Eilen Jewell Queen of the Minor Key Review

Released 2011.  

BBC Review

Her understanding of rock'n'roll, gospel, folk and country has a profound depth.

Martin Longley 2011

Firstly, this disc is blessed with an evocative title, and its song of the same name delivers the sounds to match. Where do we place Jewell, this country miss who also sounds like a darkly mysterious rock'n'roller, a blues-gal, a purveyor of garage exotica? She appears to be quite naturally gravitating toward several scenes simultaneously, well-versed in the manners of each form. Jewell sings and plays acoustic guitar, also taking the occasional harmonica solo.

Closely identified with Los Angeles, though born in Boise, Idaho, Jewell currently lives in Boston. Her songs sound like they haven't reared up out of any of these cities. Nashville noir, maybe? Lower East Side hillbilly? Her right hand man is Jerry Miller, who slides from electric guitar to pedal steel, by way of an acoustic axe. Jewell's four-piece combo is augmented by guests: it’s saxophonist David Sholl and organist Tom West who provide much of the period atmosphere, when it comes to stepping outside the country music parameters. Californian rockabilly king Big Sandy turns up without his Fly-Rite Boys, providing guest vocals. He and Jewell have already been gigging together.

Short instrumentals open and close the album, full of twangy guitar, ghost organ and burred saxophone. Jewell shuffles a range of slowies and trotters, well-pacing these 14 short numbers. The whole album is a mere 38 minutes, a length that lately seems to be grabbing back some favour. Her voice is caught up close to the microphone, enhancing the already mood-drenched aura. She invariably builds up a lonely melancholy tone, a nostalgic yearning. The title-cut has a rockabilly slap-back, the lurching continuing with the next track. Jewell’s words are substantial and loaded with archetypal imagery. Every song is a micro-tale. To ensure her credentials as a country artist, she includes a healthy ratio of decelerated weepies, including Reckless, with its fiddling solo from Rich Dubois. Their character recalls the work of Gillian Welch, or even Lucinda Williams. Not surprisingly, Bang Bang Bang sounds just like its title, loaded with hulking horn-jabs.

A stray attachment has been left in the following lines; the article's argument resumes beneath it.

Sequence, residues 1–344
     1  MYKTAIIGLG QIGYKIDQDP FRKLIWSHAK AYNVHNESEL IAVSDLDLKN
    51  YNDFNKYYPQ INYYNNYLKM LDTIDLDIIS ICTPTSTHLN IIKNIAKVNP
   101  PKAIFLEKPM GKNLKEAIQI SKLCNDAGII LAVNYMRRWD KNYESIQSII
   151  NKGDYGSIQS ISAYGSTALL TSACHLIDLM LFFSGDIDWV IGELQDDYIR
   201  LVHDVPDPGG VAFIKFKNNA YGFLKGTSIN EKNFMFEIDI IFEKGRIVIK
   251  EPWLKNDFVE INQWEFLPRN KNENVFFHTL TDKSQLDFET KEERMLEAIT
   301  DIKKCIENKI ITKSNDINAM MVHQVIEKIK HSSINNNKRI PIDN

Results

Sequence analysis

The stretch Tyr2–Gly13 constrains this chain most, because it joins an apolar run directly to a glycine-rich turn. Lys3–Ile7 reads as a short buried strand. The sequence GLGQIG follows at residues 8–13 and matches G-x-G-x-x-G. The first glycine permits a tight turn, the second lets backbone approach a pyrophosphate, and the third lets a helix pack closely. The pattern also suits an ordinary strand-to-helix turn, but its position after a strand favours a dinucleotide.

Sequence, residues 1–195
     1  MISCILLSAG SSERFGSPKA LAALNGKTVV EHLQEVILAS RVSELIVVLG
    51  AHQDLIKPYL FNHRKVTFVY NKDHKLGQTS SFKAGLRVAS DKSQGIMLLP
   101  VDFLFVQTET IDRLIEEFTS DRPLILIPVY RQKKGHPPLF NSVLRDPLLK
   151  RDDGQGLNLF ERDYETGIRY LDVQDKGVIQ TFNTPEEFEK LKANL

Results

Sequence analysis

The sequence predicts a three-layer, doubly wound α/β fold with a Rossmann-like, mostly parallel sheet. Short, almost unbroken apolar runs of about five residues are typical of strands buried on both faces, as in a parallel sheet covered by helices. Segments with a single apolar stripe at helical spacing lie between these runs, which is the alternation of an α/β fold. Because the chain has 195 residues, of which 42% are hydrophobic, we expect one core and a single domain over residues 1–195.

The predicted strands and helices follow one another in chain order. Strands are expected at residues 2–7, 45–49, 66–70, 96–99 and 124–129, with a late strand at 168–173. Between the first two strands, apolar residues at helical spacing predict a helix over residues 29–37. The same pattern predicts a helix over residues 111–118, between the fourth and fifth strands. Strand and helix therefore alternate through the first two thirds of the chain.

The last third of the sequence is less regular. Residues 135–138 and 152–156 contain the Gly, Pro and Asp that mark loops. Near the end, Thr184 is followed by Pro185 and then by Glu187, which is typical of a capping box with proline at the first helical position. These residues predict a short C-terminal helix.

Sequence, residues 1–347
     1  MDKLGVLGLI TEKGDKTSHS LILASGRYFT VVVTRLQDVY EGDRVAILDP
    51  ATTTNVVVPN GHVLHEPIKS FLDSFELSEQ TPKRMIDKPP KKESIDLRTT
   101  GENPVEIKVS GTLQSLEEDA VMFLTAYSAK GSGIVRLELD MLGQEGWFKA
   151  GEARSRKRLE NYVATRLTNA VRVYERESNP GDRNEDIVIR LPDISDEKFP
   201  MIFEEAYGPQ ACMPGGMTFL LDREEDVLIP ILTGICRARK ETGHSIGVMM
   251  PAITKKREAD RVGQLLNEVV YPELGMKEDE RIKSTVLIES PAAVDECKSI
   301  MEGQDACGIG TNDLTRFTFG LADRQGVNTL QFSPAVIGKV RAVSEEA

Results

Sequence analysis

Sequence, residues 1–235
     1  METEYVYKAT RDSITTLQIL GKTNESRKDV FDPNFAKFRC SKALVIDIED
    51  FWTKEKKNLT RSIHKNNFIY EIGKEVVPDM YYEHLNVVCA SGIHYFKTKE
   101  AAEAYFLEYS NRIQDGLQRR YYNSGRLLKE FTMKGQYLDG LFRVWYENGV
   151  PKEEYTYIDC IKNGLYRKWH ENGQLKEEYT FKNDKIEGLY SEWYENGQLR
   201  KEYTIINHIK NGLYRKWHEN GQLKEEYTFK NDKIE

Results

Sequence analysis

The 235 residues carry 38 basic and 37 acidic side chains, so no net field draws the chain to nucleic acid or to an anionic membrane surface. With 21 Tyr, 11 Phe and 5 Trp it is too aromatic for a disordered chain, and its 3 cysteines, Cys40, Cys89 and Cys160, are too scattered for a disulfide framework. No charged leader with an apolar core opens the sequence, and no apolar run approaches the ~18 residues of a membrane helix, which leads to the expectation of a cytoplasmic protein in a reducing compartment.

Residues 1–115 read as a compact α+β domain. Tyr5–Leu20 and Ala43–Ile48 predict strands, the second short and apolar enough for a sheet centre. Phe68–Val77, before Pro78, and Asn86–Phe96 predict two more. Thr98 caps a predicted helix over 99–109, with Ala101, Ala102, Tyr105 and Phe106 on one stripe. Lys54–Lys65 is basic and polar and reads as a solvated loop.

In a recorded career that only began in 2005, Jewell has already been marinated by a variety of styles for each of her album projects. Now, she's refining her songwriting into an individualist composite of myriad genres, crafting works which resonate with her own personality. It's clear that she's no dilettante, and that her understanding of rock'n'roll, gospel, folk, country and rockabilly has a profound depth.

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